Movement patterns of endangered turtle vary from Pacific to Atlantic

May 16, 2012
This is a photograph of an Eastern Pacific leatherback turtle. Credit: George L. Shillinger

The movement patterns of critically endangered leatherback turtles vary greatly depending on whether the animals live in the North Atlantic or the Eastern Pacific, with implications for feeding behavior and population recovery, according to research published May 16 in the open access journal PLoS ONE.

The authors, led by Helen Bailey of the University of Maryland Center for Environmental Science, found that turtles in the Atlantic had two travel modes, low and high speed, associated with foraging and transit, respectively. The Pacific turtles, on the other hand, only had one mode of travel at speeds that indicated transit rather than foraging.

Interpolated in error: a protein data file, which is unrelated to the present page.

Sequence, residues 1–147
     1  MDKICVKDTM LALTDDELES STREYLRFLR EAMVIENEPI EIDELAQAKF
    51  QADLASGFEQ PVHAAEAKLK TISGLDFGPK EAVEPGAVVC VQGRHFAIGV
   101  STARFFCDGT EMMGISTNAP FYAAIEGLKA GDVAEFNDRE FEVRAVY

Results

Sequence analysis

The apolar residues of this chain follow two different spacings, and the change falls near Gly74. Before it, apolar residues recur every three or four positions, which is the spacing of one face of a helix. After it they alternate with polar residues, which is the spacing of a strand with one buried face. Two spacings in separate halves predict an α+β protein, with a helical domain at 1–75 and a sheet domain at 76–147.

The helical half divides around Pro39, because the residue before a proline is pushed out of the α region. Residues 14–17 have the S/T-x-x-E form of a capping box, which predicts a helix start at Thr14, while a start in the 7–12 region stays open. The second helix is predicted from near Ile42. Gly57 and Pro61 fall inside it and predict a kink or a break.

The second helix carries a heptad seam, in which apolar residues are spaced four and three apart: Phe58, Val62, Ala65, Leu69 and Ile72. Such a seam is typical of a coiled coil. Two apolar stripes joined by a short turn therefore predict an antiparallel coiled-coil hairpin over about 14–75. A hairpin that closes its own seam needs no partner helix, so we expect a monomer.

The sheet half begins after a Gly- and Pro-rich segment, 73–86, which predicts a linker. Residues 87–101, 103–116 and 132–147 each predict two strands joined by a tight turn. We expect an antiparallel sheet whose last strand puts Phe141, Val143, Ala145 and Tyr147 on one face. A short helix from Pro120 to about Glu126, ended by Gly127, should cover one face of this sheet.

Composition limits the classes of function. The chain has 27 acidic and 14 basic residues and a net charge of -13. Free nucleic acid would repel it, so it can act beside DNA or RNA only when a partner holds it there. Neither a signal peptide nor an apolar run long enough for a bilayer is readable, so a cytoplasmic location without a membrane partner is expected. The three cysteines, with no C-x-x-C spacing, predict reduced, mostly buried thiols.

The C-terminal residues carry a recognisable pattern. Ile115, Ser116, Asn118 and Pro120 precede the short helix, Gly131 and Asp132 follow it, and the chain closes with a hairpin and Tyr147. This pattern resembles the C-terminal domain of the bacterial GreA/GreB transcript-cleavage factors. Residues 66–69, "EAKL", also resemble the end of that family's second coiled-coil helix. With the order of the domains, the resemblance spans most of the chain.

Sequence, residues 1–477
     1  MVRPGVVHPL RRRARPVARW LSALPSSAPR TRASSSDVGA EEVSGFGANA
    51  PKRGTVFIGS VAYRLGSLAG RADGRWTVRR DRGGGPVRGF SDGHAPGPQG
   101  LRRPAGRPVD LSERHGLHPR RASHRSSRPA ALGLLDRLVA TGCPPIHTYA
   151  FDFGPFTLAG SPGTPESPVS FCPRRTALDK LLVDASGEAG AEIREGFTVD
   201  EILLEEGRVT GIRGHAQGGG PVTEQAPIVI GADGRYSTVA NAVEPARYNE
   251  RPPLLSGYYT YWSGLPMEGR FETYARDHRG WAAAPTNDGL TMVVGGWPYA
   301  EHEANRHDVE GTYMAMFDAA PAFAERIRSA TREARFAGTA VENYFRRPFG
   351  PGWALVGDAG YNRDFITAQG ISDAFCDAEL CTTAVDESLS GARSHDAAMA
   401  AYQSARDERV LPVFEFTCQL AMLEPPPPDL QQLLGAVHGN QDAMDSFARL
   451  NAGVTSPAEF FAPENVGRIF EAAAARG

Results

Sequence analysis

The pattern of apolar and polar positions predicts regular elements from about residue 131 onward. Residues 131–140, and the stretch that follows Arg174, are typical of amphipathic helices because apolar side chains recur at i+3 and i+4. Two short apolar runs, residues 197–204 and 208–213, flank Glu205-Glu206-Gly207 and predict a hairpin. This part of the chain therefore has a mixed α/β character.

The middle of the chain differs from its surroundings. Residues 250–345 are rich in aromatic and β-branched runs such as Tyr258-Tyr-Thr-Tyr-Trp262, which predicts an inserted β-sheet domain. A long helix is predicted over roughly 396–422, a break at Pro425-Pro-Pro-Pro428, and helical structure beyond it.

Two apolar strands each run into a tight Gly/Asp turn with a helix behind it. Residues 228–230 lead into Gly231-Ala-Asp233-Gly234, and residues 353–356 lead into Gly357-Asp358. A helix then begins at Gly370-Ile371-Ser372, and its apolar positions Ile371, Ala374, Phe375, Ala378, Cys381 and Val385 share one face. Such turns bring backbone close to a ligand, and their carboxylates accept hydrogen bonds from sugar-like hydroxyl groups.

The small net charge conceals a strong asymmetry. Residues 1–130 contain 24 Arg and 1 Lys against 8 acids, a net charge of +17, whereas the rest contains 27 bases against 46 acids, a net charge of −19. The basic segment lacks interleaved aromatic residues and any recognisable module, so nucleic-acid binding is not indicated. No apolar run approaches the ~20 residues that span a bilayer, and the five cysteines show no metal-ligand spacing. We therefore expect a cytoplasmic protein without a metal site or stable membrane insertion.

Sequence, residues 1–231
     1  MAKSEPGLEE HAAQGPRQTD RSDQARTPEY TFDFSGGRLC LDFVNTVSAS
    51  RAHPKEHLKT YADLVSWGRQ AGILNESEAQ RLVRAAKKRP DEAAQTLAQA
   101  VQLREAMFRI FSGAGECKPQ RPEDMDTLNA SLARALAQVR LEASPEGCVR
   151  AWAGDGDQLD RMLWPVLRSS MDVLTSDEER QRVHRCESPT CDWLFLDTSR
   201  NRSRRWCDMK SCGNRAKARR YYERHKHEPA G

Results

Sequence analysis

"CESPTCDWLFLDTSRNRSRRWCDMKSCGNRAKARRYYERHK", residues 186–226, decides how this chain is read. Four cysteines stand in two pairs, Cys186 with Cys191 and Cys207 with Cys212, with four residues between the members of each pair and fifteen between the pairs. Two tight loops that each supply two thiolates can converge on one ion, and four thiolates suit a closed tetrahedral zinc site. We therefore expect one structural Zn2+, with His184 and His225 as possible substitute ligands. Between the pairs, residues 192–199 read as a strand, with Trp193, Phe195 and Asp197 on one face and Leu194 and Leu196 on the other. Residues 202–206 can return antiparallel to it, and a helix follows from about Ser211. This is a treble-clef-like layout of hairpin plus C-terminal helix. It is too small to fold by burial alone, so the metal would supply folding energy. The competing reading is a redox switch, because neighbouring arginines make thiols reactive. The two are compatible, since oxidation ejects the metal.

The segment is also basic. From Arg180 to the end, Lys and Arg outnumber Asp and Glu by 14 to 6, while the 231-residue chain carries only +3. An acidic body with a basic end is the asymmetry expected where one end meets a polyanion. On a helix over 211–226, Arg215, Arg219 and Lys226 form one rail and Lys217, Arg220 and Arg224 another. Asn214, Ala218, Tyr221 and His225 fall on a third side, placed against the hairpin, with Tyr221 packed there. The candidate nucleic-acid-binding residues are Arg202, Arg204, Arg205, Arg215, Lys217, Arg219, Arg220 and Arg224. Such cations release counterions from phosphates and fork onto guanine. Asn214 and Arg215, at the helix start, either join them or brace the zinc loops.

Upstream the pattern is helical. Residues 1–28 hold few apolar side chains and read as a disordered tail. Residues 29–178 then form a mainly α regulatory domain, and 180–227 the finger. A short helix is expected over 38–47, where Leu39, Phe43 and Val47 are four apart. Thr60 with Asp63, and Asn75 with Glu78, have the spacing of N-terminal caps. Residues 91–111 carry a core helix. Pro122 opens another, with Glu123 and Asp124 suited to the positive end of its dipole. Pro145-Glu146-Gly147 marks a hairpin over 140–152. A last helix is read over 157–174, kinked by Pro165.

The researchers write that these results suggest that the Pacific turtles rarely achieve high foraging success and therefore must spend longer periods of time searching for prey, which may hinder their relative to turtles in the Atlantic.

Explore further: Call for alternative identification methods for endangered species

More information: Bailey H, Fossette S, Bograd SJ, Shillinger GL, Swithenbank AM, et al. (2012) Movement Patterns for a Critically Endangered Species, the Leatherback Turtle (Dermochelys coriacea), Linked to Foraging Success and Population Status. PLoS ONE 7(5): e36401. doi:10.1371/journal.pone.0036401

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